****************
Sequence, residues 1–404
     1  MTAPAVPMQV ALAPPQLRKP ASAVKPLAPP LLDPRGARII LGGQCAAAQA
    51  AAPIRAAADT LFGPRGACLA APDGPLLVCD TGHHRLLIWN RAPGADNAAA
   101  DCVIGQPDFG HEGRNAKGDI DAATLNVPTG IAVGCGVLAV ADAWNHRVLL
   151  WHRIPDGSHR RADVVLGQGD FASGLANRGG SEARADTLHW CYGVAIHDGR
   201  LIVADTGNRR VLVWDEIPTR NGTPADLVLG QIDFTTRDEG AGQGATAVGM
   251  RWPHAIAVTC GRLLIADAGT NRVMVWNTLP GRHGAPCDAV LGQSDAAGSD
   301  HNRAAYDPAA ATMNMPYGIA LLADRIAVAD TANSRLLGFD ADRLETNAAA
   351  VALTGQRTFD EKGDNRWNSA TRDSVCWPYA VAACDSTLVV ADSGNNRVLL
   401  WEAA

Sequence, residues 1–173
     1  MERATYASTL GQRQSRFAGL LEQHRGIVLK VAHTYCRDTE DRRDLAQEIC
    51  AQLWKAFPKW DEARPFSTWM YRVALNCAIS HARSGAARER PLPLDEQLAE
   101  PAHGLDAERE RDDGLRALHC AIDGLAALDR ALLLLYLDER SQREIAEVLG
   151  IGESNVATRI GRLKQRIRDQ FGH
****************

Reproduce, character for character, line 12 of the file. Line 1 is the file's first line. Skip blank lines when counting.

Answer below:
     1  MERATYASTL GQRQSRFAGL LEQHRGIVLK VAHTYCRDTE DRRDLAQEIC